Oswald Moreton Frewen

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Commander (retired) Oswald Moreton Frewen, R.N. (11 January, 1887 – ) served in the Royal Navy.

Despite what he termed his own "juniority", his sympathy for John Jellicoe's situation in the mushrooming controversy over the Battle of Jutland would place Frewen in a position to exchange letters and information on the proponents of the Naval Staff Appreciation and other documentary efforts he regarded as manifestly unfair.

Life & Career

Born in Sussex the son of M. Frewen, Esq., J.P., Frewen gained three and a half months on passing out of the training ship Britannia on 15 September, 1903.[1]

He was appointed to Hannibal, Prince George and Bulwark until December, 1906. In July 1907, received a temporary appointment in the first-class torpedo boat T.B. 4, and returned to her on loan for a cruise in the early summer of 1908. He spenr a half year further in the armoured cruiser Roxburgh before leaving on 1 February, 1909 to seek qualification in navigating duties at Dryad, obtaining them on 11 June with 1834 of 2500 marks. He took his new credentials off to a series of ships, starting with Magnificent and then the new battlecruiser Invincible as assistant navigator, in mid 1909.[2]

Great War

Frewen served as navigating officer in Lookout from 1 August, 1914 to 15 March, 1915 as she operated in Home and Atlantic Waters as part of the Third Destroyer Flotilla. He then joined the light cruiser Comus of the Fourth Light Cruiser Squadron, where he would remain until 9 January, 1917.[3]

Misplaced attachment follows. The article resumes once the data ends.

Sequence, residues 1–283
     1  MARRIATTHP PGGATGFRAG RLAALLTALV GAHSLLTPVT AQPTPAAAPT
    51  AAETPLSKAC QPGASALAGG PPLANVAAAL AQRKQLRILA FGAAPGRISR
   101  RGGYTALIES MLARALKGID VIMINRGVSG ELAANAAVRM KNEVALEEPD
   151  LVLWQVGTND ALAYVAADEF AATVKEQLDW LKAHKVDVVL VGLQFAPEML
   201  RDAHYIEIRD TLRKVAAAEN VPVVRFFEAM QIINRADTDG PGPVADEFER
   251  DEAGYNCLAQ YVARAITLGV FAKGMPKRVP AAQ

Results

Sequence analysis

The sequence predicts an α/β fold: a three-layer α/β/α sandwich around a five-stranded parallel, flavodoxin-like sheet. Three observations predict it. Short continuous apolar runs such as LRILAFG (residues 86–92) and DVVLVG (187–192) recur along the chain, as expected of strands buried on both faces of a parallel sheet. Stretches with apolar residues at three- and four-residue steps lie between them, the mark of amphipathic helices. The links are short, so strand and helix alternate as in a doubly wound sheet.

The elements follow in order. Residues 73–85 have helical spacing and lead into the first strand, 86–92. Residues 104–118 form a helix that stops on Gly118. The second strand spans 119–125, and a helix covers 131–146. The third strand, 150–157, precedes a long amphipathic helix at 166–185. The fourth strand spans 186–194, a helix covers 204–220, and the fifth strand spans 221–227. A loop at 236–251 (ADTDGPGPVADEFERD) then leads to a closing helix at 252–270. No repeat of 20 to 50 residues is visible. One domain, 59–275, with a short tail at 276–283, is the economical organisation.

An appointment to Bacchante that began on 4 February, 1917 was abbreviated when he was invalided in August 1918 upon arrival in Sierra Leone, exhibiting symptoms of "climate debility and functional heart disease" when surveyed at Simonstown on the 23rd of the month. He arrived back in England aboard H.M.S. Ebro on 12 October, 1918. A bout of flu followed, but he was declared fit in January, 1919.[4]

At war's end, Frewen was placed in charge of a C. & M. Party aboard the Minotaur, where he had been appointed a month prior. He was placed on the Retired List at his own request on 16 September, 1919 and advanced to the rank of Commander on the Retired List on 11 January, 1927.[5]

World War II

Despite health complications that required frequent hospital visits, Frewen worked in Scapa Flow as Senior Naval Officer and King's Harbour Master, Scapa, based at Lyness at the shore base H.M.S. Proserpine.[6]

See Also

Footnotes

  1. Frewen Service Record. The National Archives. ADM 196/51. f. 32.
  2. Frewen Service Record. The National Archives. ADM 196/51. f. 32.
  3. Frewen Service Record. The National Archives. ADM 196/51. f. 32.
  4. Frewen Service Record. The National Archives. ADM 196/51. f. 32.
  5. Frewen Service Record. The National Archives. ADM 196/51. f. 32.
  6. Frewen Service Record. The National Archives. ADM 196/51. f. 32.